In history, we believe that the acquisition of key underpinning knowledge allows students to develop a firm and deeper understanding of all areas of the curriculum. There are several key themes that form this broad base of knowledge. Students must have an increasing understanding of the concepts in different historical settings.
It is important that students see how key knowledge can be transferred between the key stages. We will regularly revisit and revise the knowledge through low stakes testing and practising of the key vocabulary in every topic and in every lesson. Students will understand how to write effectively, practising source analysis, including comprehension, inference, judging reliability, being able to evaluate and explain viewpoints and interpretations, recalling, selecting and deploying factual knowledge to best effect.
History is the ability to use knowledge, empathy and understanding, learning from the past to influence and shape the future.
- Use the scheme of work and planning to enable all students to:
- Know and understand their local history, through an exploration of the backgrounds of our community and our belief that we must learn from the past to better understand the future;
- Use historically grounded vocabulary to communicate confidently, intelligently, empathetically and without bias;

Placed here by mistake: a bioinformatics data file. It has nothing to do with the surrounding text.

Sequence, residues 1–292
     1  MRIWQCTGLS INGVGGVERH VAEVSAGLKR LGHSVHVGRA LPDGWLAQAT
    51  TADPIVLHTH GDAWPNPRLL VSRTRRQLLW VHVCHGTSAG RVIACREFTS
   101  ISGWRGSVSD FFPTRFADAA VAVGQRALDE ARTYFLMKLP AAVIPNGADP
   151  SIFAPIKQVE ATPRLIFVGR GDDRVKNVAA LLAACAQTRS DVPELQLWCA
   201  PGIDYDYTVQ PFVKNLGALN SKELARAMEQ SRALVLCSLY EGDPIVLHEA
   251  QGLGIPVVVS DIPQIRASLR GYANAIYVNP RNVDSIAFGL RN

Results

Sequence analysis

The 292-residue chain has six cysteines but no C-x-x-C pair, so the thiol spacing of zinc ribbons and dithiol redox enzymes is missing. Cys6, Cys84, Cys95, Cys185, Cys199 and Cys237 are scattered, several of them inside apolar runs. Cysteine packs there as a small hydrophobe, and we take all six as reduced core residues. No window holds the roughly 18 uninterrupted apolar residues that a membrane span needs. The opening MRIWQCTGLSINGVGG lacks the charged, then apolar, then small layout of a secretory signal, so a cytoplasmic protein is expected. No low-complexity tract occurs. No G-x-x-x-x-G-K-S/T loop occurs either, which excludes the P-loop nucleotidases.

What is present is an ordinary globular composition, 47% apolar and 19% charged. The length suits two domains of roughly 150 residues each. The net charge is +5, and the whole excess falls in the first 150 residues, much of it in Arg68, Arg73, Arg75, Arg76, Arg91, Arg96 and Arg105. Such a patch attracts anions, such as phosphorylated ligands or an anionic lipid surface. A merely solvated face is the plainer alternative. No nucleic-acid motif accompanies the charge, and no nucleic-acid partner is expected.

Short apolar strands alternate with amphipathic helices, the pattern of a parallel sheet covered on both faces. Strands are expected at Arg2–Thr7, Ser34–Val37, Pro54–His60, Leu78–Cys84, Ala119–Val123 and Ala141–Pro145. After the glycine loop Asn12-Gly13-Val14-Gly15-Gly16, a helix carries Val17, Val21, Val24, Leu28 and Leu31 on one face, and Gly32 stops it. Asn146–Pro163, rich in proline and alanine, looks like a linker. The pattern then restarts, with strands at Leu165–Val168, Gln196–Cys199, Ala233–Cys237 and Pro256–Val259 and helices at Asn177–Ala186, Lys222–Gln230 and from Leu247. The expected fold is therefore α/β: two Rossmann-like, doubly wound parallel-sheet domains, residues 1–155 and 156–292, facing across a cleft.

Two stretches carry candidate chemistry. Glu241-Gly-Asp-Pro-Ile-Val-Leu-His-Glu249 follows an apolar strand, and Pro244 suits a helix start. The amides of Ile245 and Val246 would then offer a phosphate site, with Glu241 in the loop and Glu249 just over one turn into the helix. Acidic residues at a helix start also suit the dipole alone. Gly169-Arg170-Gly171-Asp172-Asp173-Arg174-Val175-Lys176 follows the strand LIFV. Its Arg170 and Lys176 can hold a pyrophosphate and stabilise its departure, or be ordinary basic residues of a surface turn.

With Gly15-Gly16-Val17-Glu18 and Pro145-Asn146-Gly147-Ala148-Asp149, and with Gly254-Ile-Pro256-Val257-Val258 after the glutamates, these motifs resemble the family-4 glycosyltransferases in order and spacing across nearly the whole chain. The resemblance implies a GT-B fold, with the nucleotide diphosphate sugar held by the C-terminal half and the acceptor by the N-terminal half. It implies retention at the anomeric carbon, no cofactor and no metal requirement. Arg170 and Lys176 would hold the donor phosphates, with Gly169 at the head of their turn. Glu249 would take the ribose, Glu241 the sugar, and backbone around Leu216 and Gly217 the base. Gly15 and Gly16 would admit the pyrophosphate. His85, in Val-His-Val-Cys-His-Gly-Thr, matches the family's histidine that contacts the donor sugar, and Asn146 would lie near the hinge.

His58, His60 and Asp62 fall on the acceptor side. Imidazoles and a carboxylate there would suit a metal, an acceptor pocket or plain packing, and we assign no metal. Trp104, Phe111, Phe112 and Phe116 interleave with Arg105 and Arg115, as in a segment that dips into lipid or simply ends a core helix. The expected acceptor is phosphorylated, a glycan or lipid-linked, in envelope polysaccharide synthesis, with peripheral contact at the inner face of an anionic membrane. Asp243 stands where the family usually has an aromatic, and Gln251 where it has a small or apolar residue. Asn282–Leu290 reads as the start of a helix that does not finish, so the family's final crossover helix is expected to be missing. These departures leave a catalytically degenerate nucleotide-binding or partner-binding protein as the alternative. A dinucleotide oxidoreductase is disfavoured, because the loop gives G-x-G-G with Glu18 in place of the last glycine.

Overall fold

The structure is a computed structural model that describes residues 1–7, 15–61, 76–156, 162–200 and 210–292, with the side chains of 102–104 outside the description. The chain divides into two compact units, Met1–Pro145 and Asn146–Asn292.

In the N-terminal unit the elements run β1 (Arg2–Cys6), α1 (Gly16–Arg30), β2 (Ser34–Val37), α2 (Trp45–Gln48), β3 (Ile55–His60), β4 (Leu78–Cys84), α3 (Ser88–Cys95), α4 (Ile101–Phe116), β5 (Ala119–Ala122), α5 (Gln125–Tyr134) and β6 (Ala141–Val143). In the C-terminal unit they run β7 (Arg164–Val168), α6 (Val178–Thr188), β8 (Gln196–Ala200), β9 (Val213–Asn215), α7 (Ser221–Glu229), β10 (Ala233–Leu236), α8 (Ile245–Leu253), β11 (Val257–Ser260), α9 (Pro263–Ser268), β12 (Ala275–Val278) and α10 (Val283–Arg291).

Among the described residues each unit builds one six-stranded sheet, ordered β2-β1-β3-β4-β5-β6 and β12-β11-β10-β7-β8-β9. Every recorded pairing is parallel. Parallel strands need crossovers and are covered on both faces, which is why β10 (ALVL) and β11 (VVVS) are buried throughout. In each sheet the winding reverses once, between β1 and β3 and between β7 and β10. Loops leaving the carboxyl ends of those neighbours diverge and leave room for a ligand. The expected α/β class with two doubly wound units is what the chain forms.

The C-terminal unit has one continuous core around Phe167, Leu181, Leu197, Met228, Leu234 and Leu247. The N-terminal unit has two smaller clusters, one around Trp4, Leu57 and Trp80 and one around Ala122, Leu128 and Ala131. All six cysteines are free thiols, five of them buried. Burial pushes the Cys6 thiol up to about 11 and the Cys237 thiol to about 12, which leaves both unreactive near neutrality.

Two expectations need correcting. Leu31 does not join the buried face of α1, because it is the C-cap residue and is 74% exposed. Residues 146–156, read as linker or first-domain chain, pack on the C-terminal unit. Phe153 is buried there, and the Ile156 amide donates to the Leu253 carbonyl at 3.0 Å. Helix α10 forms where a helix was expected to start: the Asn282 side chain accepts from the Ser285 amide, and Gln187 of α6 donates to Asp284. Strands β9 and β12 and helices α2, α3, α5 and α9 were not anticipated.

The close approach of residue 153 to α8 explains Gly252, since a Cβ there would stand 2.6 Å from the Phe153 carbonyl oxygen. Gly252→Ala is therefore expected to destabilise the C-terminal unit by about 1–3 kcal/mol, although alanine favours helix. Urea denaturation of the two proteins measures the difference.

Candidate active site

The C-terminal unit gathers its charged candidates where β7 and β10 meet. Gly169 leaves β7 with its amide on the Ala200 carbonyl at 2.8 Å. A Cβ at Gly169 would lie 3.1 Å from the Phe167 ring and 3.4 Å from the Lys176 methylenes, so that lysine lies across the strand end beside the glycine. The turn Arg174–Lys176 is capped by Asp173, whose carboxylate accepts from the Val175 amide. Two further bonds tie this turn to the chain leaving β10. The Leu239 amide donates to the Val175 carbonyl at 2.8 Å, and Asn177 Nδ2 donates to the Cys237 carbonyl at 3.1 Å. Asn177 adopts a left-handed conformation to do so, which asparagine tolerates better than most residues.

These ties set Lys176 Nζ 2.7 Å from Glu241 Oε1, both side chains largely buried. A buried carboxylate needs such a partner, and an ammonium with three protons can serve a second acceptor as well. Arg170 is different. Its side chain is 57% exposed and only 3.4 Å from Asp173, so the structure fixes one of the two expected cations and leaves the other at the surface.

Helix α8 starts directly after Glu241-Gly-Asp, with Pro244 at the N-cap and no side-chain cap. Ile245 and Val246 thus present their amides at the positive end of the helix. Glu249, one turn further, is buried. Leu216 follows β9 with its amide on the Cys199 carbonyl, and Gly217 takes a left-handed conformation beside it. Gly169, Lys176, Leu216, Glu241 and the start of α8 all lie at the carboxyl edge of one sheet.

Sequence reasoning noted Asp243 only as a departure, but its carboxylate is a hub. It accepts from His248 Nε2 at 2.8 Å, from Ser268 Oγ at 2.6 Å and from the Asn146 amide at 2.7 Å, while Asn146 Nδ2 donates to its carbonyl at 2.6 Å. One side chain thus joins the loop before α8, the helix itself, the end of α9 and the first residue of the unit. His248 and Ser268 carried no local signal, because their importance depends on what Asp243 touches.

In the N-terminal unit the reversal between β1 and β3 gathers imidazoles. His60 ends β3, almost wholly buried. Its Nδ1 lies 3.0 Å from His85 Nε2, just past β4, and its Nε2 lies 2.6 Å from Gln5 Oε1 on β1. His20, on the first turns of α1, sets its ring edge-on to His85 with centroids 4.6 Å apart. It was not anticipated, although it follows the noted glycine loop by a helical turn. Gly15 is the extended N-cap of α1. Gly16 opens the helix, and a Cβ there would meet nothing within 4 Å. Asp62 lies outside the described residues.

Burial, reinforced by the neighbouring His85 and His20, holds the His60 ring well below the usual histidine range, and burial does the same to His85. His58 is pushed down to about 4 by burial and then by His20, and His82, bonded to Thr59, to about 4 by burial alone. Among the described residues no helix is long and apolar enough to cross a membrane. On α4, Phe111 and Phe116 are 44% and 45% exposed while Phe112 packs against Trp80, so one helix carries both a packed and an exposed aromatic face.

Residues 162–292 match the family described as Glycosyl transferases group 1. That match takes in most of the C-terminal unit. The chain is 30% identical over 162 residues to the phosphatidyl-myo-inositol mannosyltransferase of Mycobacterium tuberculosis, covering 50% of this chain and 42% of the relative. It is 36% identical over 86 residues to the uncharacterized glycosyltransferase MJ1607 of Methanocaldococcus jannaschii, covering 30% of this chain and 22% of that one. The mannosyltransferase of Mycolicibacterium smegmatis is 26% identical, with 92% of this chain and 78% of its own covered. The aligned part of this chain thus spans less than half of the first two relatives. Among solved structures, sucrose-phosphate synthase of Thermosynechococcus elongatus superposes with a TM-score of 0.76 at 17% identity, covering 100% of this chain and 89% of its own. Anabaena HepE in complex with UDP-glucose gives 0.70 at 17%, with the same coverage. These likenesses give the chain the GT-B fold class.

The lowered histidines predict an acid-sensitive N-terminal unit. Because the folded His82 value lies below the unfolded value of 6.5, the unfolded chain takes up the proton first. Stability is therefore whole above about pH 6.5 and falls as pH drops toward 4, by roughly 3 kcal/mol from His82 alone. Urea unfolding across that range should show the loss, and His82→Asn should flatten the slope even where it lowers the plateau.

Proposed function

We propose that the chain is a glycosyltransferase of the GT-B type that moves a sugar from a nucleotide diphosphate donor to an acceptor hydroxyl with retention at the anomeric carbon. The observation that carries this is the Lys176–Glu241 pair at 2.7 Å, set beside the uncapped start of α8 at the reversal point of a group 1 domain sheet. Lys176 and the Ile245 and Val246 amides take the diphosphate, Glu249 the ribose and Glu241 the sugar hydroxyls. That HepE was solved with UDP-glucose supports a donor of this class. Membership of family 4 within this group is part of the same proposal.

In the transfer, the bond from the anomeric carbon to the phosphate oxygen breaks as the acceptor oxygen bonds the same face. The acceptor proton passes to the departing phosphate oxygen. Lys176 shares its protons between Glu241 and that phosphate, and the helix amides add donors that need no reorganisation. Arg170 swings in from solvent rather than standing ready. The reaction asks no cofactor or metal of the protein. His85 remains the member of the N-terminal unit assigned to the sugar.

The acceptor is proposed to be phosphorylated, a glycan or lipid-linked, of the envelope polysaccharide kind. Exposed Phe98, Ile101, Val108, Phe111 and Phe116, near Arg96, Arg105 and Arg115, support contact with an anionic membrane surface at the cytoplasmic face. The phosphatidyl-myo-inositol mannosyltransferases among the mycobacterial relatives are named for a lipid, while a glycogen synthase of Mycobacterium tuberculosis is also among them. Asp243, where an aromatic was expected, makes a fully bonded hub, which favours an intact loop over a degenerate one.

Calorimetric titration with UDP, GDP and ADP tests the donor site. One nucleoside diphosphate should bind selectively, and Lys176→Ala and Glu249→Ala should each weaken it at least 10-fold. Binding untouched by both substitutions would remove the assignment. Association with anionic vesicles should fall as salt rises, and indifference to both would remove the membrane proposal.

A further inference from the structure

- Plan a curriculum that works within a coherent and chronological narrative, from the earliest times to the present day;
- Model and teach students how to use different sources to understand how people’s lives have shaped this nation;
- Plan opportunities for all students to consider, from different viewpoints, how the UK has influenced and been influenced by the wider world;
- Plan a curriculum to include opportunities of students to understand, compare and contrast subject themes, such as migration, food and farming, location and society at key points in history and concepts such as continuity and change, cause and consequence, similarity, difference and significance, and use them to make connections, draw contrasts, analyse trends, frame historically valid questions and create their own structured accounts, including written narratives and analyses;
- Use carefully considered knowledge organisers to encourage independence and factual retention;
- Provide opportunities to regularly revisit previous knowledge using retrieval tasks and recall tests;
- Carefully monitor students’ progress against key milestones and take swift actions to support those who fall behind;
- Celebrate students’ work through classroom displays, school exhibitions and competitions throughout the GLC and the wider community.
- Have a detailed knowledge of history over time, but more importantly, will secure the skills needed to be a historian and as a result achieve well;
- Be equipped with the cultural capital [skills, knowledge, norms and values] to be good, well-informed open-minded and responsible citizens;
"Look to history to help to grip the future and actively effect positive change."
|Mrs S Shaw (HoF)||firstname.lastname@example.org|
|Miss J Curranemail@example.com|
|Mrs E Cecilfirstname.lastname@example.org|
|Mrs L Huntemail@example.com|
|Miss J Leefirstname.lastname@example.org|